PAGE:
I find my OS X Service for natural language date conversion pretty handy. I think TextExpander could make it handier, though, with the form fill feature and a little more flexibility.
It accepts most basic date language. “today”, “tomorrow”, “3 days”, “2 days ago”, “next tue”, “last fri”, etc.
I added a couple of checks. If you use a plus (+) or minus (-) sign followed immediately by a number and that’s all, it will just add or subtract that many days from the current date. The plus sign is optional, it will work with just “3” to give you the date 3 days from now.
If the words “am”, “pm”, “noon”, “midnight”, “hours” or “minutes” are in your string, it will add the time string to the formatted output.
This one runs on PHP, so it’s ready to use with your built-in tools and has no additional dependencies. There are a few things you can edit (and probably should) once you have it open in TextExpander.
First, set the timezone correctly for your location in the third line. The next line has the primary date format, which defaults to “l, M jS, Y”, like this: Saturday, Oct 15th, 2011. The line after that is the string that’s appended if you use a phrase that triggers a time for the output, defaulting to “ \a\t g:ia” which comes out as “at 3:00pm”.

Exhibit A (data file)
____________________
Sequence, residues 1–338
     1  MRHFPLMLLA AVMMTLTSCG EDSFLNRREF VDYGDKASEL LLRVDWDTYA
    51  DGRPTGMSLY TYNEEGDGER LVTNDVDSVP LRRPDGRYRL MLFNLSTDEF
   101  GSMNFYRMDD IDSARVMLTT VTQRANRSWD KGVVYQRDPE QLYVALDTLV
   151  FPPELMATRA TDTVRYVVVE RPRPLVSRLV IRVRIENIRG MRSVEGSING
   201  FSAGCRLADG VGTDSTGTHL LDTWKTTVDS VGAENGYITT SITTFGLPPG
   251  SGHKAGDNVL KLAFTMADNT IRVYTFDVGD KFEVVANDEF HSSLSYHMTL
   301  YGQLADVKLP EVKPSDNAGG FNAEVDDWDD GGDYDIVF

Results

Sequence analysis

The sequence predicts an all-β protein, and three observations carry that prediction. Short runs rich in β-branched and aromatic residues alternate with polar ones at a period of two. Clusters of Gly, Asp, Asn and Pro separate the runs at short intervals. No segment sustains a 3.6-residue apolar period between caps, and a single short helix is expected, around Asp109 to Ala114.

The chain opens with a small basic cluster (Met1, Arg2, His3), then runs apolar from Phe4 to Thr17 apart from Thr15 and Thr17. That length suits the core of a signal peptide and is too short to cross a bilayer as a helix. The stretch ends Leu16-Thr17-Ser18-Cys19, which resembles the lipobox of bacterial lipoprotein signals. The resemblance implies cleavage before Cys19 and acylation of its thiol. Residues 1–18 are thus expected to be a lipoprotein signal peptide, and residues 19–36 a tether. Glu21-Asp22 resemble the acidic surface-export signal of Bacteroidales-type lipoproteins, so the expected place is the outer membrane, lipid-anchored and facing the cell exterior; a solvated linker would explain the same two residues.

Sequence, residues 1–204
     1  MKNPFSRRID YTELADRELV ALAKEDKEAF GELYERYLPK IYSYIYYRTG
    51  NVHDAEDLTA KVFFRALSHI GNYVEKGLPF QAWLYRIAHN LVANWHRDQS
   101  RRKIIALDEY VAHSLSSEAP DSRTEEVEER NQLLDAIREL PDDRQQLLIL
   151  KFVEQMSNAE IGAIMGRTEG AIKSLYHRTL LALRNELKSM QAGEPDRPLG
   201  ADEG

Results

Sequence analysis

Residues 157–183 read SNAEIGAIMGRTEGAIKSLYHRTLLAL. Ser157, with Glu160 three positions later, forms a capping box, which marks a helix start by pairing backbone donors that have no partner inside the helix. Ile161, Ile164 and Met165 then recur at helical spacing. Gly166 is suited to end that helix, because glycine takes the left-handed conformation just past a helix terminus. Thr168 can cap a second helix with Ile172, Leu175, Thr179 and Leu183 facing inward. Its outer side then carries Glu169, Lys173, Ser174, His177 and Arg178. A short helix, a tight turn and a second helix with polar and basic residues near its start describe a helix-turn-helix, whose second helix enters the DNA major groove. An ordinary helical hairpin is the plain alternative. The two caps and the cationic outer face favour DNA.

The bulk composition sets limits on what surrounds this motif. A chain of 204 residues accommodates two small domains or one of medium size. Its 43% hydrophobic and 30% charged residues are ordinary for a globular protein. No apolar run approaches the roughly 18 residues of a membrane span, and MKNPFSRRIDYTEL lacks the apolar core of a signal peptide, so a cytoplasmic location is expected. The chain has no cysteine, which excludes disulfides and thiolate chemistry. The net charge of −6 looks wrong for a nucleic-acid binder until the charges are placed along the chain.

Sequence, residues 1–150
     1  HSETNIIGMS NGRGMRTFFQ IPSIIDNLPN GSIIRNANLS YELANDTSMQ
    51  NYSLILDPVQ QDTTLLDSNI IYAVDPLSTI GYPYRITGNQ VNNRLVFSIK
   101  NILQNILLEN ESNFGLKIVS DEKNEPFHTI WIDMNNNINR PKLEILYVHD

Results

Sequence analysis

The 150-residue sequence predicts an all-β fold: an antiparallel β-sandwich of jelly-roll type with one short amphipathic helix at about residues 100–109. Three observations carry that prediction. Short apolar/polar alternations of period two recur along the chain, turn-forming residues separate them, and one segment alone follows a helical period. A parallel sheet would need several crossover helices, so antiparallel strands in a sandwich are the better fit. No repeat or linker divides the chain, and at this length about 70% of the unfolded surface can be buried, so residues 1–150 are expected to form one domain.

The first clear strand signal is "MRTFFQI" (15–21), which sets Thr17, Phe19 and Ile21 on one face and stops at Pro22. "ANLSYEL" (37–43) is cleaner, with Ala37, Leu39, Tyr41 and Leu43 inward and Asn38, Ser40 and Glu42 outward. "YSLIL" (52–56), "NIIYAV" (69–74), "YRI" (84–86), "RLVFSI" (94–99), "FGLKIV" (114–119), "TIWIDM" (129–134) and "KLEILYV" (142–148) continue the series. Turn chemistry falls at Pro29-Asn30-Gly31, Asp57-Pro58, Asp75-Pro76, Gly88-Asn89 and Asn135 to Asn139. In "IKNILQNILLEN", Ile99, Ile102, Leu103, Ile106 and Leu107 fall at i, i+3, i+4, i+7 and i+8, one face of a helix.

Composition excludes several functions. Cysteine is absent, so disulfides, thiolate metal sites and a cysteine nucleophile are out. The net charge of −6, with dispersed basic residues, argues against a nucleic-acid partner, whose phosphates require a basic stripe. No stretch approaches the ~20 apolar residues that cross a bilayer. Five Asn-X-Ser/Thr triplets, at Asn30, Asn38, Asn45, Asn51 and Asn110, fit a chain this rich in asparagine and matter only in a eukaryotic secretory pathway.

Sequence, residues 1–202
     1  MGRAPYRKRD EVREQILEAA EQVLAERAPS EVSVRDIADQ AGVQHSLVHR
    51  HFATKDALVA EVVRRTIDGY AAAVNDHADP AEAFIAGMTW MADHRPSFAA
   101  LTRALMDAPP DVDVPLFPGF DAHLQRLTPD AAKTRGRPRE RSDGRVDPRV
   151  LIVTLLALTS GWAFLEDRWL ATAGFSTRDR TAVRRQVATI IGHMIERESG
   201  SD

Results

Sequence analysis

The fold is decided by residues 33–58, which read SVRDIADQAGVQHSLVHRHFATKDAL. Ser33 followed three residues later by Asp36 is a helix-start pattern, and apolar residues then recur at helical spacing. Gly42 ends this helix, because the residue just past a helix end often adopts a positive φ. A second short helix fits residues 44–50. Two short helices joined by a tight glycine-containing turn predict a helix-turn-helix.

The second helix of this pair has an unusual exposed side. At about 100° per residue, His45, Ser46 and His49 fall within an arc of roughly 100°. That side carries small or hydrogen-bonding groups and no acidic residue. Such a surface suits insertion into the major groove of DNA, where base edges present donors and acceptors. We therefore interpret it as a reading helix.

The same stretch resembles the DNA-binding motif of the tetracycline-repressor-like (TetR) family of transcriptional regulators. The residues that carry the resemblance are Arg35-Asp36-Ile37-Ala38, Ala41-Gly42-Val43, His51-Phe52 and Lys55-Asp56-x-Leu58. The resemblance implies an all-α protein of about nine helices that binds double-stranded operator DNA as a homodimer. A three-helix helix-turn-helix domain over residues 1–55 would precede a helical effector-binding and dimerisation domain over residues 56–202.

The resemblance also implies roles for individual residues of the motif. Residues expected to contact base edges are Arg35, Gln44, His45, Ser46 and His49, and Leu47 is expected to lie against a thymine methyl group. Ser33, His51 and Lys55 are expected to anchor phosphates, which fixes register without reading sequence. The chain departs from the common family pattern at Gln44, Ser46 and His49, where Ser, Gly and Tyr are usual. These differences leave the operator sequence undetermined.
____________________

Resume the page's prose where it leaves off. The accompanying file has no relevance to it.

The $debug parameter can be set to 0, 1 or 2. At zero, if your string fails to translate it will fail silently. At 1, it will return the phrase “Derp” where you meant to paste the date. I figure some feedback is better than none… at 3 it will give you the “Derp” and a Growl notification if you have
You can just install this from the project page, but here’s the code if your curious. This looks a little different than what you see in the snippet, I’ll show you why in a second.
Because we’re using the newly-shell-script-friendly Fill feature, normally the entire script would show up in the fill box. That’s ugly. If we add some spacing before and after the Fill placeholder, we can clear most of the excess out. Like so:
[...] $input= "%fill:Date string%"; // mon, tue, next fri, tomorrow 3pm... // 1, 3, -2 (days), 30 minutes... // avoid "on" and "at", keep it simple. if ( preg_match( "/^([+-])?(\d+)$/", trim($input), $matches ) ) [...]
Looks like this now:
Hopefully this will be useful for some of you!